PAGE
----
MILWAUKEE – In an exclusive interview with the People’s Weekly World, Oct. 11, author and filmmaker Michael Moore said he was hopeful that workers backstage at NBC’s “Late Night with Conan O’Brien” would win employment benefits long denied them by NBC’s parent corporation, General Electric.
Moore was in Milwaukee to sign copies of his new book, Dude, Where’s My Country, which this week reached the top of the New York Times Bestseller List, bumping off Al Franken’s Lies (And The Lying Liars Who Tell Them). Approximately 700 Milwaukeeans formed a line outside Schwartz Books stretching two city blocks for a brush with the Oscar and Emmy Award-winning documentarian, whose last book was the bestselling nonfiction book of 2002 and had more than 50 printings. Patrons were admitted in small groups to have articles signed by Moore, seated behind a table in a Green Bay Packers cap and a maroon T-shirt. Because of the long queue, conversation time was not permitted.
Still, Moore made time when the World asked him to comment on his Oct. 8 appearance on “Late Night.” While on the show, he confronted his host concerning the working conditions of his staff. In paraphrase, Moore told O’Brien, “I was just talking in back with some of the permanent temps here, people who’ve been here eight years and still have no health benefits because they’re considered temporary.” O’Brien laughed off the matter on air, moving robotically and jesting that GE had “put the chip in years ago” making him spout the company line.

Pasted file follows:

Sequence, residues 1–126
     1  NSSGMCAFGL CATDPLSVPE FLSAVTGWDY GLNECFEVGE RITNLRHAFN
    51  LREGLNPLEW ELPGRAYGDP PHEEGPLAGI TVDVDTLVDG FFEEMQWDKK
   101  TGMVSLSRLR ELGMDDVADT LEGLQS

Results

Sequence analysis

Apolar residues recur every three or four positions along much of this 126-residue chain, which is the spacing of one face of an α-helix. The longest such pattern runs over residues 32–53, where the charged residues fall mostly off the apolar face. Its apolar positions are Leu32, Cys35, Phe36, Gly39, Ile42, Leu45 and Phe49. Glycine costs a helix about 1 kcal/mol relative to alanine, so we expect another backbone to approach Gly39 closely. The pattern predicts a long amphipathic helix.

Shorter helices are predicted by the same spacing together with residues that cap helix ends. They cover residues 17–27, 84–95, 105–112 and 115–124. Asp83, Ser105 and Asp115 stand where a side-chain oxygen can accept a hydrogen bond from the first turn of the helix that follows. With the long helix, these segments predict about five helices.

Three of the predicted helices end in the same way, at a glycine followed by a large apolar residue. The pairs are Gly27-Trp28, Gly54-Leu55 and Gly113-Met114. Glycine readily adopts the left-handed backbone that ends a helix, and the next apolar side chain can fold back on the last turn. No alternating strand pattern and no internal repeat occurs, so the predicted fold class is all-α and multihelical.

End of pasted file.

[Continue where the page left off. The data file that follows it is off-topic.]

But Moore told the World that offstage, O’Brien appeared to have a genuine concern for the “Late Night” crew. O’Brien had previously intervened with GE to dissuade them from persisting in a demand for concessions from the show’s unionized workers.
Moore said that after the show, he and O’Brien had a meeting with GE executives concerning the issues Moore had raised on air. While nothing was granted the workers immediately, Moore said he felt the meeting was positive. “I left with a very good feeling that things are going to change for the better,” said Moore.
Raising a serious issue of worker rights during a comedy program involved some risk. Moore said that “there was some concern the segment wouldn’t air” as a result. Nevertheless, the segment aired uncut.
Moore cited his advocacy of the “Late Night” crew as part of an obligation that comes with privilege. “It just goes to show what can be done if those few of us who have the opportunity to make a difference just try. It doesn’t take that much effort, but too often, those of us who are in the position to raise these issues just don’t.”
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